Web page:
$100B Business at Stake in US-India Nuclear Deal

As the Indian parliament gets ready for a confidence vote this week, the fate of the government of Prime Minister Manmohan Singh and the US-India nuclear deal hangs in the balance. The Indian government is pulling out all stops to win this vote to salvage the US-India nuclear deal. In addition to the Indian people, the international community and the nuclear suppliers group (NSG) are also watching the vote closely. The NSG's interest lies in the estimated $100 billion worth of nuclear business in India over the next two decades. U.S. companies hope to capture as large of a share of that business as possible. Private studies suggest that if U.S. vendors win just two civil nuclear reactor contracts, they would create 3,000–5,000 new direct jobs and 10,000–15,000 indirect jobs in the United States, according to US International Trade Administration. It has now been three years since the signing of the historic agreement between President Bush and Indian Prime Minister Manmohan Singh.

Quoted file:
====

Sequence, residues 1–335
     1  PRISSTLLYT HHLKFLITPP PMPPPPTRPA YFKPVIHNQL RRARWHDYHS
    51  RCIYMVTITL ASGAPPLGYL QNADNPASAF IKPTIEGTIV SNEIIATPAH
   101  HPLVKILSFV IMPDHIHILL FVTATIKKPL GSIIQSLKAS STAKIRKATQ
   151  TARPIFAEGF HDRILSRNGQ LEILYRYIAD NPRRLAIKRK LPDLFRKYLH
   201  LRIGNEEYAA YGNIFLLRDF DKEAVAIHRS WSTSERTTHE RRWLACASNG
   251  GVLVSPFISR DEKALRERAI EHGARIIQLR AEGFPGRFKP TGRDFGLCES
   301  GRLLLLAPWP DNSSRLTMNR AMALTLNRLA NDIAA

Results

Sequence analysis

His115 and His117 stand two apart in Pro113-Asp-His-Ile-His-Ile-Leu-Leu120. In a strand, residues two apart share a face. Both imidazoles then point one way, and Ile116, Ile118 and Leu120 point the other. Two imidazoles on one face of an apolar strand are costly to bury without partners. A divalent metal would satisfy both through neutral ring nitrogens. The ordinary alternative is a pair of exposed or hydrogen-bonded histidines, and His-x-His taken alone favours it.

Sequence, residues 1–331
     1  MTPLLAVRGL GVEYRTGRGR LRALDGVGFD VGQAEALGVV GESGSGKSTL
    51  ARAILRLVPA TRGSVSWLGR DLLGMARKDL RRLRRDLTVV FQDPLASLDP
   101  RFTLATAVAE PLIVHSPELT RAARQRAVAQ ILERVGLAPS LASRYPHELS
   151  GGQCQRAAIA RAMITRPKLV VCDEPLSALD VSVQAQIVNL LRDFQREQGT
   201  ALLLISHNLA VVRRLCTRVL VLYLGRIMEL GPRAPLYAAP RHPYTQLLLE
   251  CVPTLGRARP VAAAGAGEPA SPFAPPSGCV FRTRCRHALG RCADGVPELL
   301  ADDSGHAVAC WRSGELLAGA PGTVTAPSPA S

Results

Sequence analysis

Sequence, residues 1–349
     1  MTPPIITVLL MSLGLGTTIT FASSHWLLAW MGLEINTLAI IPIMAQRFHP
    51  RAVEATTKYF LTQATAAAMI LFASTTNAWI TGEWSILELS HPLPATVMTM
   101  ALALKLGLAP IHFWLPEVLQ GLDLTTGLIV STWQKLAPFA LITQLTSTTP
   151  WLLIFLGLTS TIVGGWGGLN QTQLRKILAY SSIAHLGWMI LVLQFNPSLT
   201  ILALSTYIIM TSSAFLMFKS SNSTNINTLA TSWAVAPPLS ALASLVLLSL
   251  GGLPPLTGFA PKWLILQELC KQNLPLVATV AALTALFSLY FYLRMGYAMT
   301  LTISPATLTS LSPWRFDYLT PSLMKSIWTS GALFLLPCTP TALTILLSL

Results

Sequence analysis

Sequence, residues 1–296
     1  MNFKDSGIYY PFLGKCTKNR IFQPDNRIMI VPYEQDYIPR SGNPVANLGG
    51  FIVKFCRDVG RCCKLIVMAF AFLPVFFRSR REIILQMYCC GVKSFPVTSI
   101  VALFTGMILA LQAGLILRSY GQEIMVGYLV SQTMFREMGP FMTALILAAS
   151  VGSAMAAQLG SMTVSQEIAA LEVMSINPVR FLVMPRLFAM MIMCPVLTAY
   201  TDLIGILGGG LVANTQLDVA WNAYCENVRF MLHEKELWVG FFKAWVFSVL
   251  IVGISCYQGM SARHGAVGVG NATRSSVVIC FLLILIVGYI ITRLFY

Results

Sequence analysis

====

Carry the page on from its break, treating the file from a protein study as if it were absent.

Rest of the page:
Retail Investors Protest Falling Stocks in Karachi

The investor confidence reached new lows when hundreds of irate investors took to the streets in Karachi today. A number of windows were broken and at least two people injured, Reuters news agency reported. They were protesting continuing slide in share prices in Karachi for the 14th consecutive day, eroding about 14% of capital since Monday, reaching a new 18-month low of 10,058.37. The KSE-100 is now down 36% from its peak of 15739.25 earlier this year. Fall of 20% or greater in major indices is considered a bear market. Earlier in June, there was a brief respite for investors when the authorities imposed a temporary ban on short selling and tightened the circuit breaker lower limit to 1% and increased upper limit to 10%. But, as soon as the trading range was revised to plus or minus 5% last Friday, many investors took advantage of it and sold off their holdings, putting further downward pressure on share prices. "The measures taken on Friday proved to be an exit strategy for fo